When we send our text data to the machine, it goes through the encoder and vectors are created. The resulting vectors are further analyzed by the attention mechanism. This mixed process helps predict the next word a person will say. Simply put, there is " filling in the gaps " based on how confident the machine is in its knowledge. As it acquires language, the machine can better predict the next words. Having vast experience, she will accurately predict possible options. Next, we send the received word with the available prediction to the decoder. The cycle of generating new proposals continues indefinitely, which helps to improve AGI.
The main highlight of GPT-3 is its huge data corpus and endless learning opportunities. Learning itself is not domain-specific, but allows the algorithm to learn how to perform any domain-specific task. Ask the algorithm to write a SQL query and it will do the trick. Ask him to help write a text on a sports topic – he can also do this.
Source: GPT-3 Paper
GPT-3 works better with multiple training frames: when you provide it with a hint and some examples. Imagine that you gave a couple of books to a freshman and asked her to answer questions. Sometimes she succeeded, and sometimes she failed. So you keep giving her more books and asking more questions, which helps her improve her knowledge. She does this by reading new material and looking at examples of similar questions.
GPT-3 is still a machine, it will be able to learn from many examples. When we learn to drive a car, we choose a huge number of places to hone our skills. We start with roads where a small number of cars drive. Then we go to the tracks with more dense car traffic. And finally, having gained complete self-confidence, we drive along the busiest street in order to acquire the skill we need. If you drive on roads with only moderate traffic, then you will definitely not be able to drive a car during rush hour. In the same way, if we want to get the best model, we need to provide it with different training conditions.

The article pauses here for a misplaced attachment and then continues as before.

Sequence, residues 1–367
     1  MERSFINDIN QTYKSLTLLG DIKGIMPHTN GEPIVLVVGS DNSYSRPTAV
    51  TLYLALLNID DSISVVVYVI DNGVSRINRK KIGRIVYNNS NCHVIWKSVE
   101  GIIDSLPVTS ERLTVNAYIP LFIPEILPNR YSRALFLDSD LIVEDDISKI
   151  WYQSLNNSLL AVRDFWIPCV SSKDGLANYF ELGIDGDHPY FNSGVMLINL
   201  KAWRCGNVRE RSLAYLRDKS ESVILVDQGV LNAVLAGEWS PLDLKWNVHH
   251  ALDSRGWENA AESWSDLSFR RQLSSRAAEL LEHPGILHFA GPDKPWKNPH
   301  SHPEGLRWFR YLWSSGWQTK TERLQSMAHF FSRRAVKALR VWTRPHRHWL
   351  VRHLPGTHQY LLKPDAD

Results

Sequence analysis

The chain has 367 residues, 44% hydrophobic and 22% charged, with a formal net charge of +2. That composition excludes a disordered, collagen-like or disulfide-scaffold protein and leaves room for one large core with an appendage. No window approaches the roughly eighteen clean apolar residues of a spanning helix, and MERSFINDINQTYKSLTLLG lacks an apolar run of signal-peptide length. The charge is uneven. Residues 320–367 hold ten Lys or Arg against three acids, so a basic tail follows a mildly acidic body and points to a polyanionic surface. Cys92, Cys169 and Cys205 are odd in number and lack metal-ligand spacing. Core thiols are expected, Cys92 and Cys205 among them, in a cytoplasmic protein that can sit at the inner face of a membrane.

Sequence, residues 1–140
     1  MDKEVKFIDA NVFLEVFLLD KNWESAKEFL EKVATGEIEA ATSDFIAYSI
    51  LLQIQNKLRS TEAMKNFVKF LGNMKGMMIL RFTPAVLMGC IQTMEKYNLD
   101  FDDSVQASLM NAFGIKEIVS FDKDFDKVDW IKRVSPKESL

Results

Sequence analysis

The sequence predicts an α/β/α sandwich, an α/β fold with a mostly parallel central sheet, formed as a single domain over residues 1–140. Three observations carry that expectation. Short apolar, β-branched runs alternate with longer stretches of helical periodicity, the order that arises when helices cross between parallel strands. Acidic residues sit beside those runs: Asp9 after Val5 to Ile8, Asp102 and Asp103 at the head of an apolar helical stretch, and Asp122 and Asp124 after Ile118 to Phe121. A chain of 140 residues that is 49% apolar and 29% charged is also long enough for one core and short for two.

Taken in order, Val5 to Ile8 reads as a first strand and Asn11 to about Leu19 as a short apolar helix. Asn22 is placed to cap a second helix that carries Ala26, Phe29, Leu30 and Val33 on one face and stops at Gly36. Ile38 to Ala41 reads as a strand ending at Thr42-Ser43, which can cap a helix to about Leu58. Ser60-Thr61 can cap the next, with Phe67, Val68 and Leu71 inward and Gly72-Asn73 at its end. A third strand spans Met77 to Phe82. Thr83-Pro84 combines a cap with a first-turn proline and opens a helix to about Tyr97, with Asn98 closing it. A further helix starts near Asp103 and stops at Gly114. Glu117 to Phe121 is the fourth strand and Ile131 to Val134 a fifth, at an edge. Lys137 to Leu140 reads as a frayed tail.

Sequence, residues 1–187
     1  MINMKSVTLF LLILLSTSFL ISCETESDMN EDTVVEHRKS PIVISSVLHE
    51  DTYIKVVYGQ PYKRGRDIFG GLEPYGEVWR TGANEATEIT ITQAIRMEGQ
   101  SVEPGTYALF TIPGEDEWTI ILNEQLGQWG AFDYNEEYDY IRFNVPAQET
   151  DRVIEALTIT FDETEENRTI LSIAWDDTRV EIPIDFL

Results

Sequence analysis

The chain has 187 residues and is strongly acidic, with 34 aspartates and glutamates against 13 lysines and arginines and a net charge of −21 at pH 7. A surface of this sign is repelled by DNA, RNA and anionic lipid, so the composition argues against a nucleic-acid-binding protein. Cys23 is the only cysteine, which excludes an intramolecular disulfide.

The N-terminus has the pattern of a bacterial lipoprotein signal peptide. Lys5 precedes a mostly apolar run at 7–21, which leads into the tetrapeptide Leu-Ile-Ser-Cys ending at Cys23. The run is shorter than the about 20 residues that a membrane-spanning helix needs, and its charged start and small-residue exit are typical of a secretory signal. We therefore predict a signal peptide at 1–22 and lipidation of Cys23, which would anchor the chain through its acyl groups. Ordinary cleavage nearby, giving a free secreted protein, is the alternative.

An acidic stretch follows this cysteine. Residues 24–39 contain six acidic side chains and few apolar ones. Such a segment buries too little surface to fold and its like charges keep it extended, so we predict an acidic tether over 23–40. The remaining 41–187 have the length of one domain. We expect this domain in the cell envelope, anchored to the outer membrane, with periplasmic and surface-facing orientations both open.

GPT-3 is constantly learning. It is the best algorithm in the field of AI. However, GPT-3 cannot behave exactly like we do. After all, kids don’t need to see millions of examples to learn something new. GPT-3 learns on the Internet and sometimes absorbs all the negativity that is there. It can mimic natural language, but when it comes to natural thoughts, AI still falls short. There is a fine line between natural language and natural thought. GPT-3 proved that scaling the language model can improve the accuracy of statements. To use a language identical to a human, a machine does not need a soul, but a huge amount of data.
When I was a child, our teacher gave us the first part of the script and asked us to write a sequel. I spent hours inventing plot twists and then bringing them to my teacher. Every time I got low marks and did not understand why.
For many years I continued to do this and still did not understand the reason. However, one day it dawned on me that I was doing everything wrong. I was too busy focusing on my creative thoughts, but all it took to get a good grade was the absence of grammatical errors. Apparently, he taught us to "write" and not "think creatively." Still, I would like to admit that grammar was not my strong point, unlike creating an interesting plot.
This is exactly what GPT-3 does. He draws much of his knowledge from previous works created by humans. And all he cares about is the creation of similar human thoughts and words. It focuses on " style " rather than " creativity or understanding causes ". Grammar is his programming language.
It cannot be denied that he is good at predicting possible word choices. However, GPT-3 is neither designed to store facts nor to retrieve them at the right time, as the human brain does. It is more like an algorithm for selecting keywords from a template, as is the case with SEO.
Such a machine (even after meeting people through the Internet) lacks human features. It’s just an algorithm and it’s unreasonable to expect it to be able to " voice " its private thoughts. He still lacks IQ, which is what separates humans from machines. I hope it stays that way (at least for a while).
Sourced from Towards AI.
Cover image: Kasia Bojanowska